Facebook could incentivise its users to opt in to participate in labelling other users by one of several approaches. First, Facebook could split the income the clickthroughs generate with the users whose suggestions led to the display of the successful ad. Second, Facebook could offer credits which could be used inside Facebook to purchase extra services. Third, Facebook could formulate this task simply as a fun activity, as short surveys at login or at random times.
In order to prevent collusion between users in the case of tangible compensation (you tell Facebook I have some niche interest which I do not, I always click on those ads, and we divide your earnings), a number of measures seem necessary. The targeted user must not know who recommended her. It is helpful if a recommendation is acted upon only if multiple users independently made it. And it can be counterproductive to let participants choose whom they recommend for better targeted advertising, so some randomisation of whom the participants can recommend might be required. In contrast, in the case of the third approach, revealing among friends what was said about one another might be part of the fun.
One can imagine a Facebook application randomly giving names of friends, whom the participant needs to associate with categories of interests, similarly to the categories in Google Ads Preferences or otherwise (e.g. Tom — haute couture or nerdy? Dick — always the first to have or lives in the Stone Age? Harry — rafting or ballet?). Or, what seems more practical from the viewpoint of Facebook and its advertisers, the participant would be given the product categories and would need to recommend interested friends (which three of your friends tinker with their phones the most? whose advice do you trust when you need a new computer? who are the biggest petrolheads/fitness-buffs/football fans among your friends? boys and their toys — who springs to your mind?).
Facebook users know much more about their friends that help advertisement targeting than merely product group interests. Examples include approximate disposable incomes or inclinations with respect to the innovation adoption cycle: are they early adopters or more conservative types? Users might learn early that a friend is considering buying a big ticket item and can share this information with Facebook. (Here the risk of collusion requires further thought.)
But would Facebook really want to implement something like this? Some will argue that selling out friends in this way is cynical. Many among us object to the selling of their personal details to marketing agencies. The monetary incentivisation approach would certainly come up against a brick wall of moral and privacy concerns. To some, any arrangement of this type would evoke methods of secret police operations: friends reporting on friends to an intelligence gathering agency. Therefore such a move can be expected to alienate many users and to cause a public outcry.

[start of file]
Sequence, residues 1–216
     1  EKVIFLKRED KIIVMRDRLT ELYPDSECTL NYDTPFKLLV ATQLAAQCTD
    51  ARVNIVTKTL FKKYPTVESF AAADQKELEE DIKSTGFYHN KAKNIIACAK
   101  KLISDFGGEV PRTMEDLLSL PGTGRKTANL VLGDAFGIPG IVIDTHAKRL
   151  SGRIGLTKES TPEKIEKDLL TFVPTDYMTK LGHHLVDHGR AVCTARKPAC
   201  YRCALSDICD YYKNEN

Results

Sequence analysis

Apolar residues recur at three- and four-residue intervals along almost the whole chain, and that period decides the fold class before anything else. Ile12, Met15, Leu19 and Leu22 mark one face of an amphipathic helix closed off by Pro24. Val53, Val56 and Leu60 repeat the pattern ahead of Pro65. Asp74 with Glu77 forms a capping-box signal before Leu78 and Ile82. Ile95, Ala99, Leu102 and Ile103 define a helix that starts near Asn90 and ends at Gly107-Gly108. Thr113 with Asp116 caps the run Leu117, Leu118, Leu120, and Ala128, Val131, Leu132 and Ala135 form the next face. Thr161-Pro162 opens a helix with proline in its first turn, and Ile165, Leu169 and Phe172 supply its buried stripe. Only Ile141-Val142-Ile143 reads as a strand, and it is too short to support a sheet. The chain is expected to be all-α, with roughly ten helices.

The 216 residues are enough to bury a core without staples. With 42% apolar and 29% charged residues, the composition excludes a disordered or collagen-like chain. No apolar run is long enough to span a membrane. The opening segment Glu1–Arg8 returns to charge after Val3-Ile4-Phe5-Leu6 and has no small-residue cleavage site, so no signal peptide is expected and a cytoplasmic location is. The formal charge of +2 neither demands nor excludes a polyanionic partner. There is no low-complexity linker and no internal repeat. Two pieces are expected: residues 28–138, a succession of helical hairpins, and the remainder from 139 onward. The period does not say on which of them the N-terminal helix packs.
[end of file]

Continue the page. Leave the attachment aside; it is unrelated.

The first method would also be dogged by the fact that very little money could be made; for most of us, clickthroughs could not possibly earn enough to be worth our time. After all, this is one of the reasons why we trust computers to pick display ads: their labour is cheap. With an approximate $1 cost per click for Facebook display ads currently, if Facebook redistributed half its additional earnings from the proposed scheme, then to achieve the US federal minimum wage of $7.25 per hour, one should aim to bring in 14.5 additional clickthroughs with an hour of work.
The obstacle to the second approach (credits as incentives) is that `It’s free and always will be.’ is one of the central principles of Facebook. Facebook would need a shift from free to freemium to create the preconditions for this approach.
The third one is the least problematic and minimises the risk of manipulation. LinkedIn already features a skill endorsement system in this manner. Facebook also has had a campaign where users are asked to identify if selected account names are real or pseudonyms. Here the challenge is to design an activity which engages users without offering a tangible return.
The arguments for this development would be that it is in line with Facebook’s taste for risk-taking and `Move fast and break things’-culture, with its Advertising Philosophy and has the potential to improve user experience. Facebook could become the place on the internet to hang out where not only the shared content, but even the display ads are so intriguing that they distract the user and tempt their senses to explore colourful, exciting websites of cool gadgets or online fashion and style retailers or whatever that tickles their brain.
Would this move make Facebook a better loved social networking service? Not necessarily. Would this make sense for Facebook financially? If they can limit the backlash of users, then probably yes.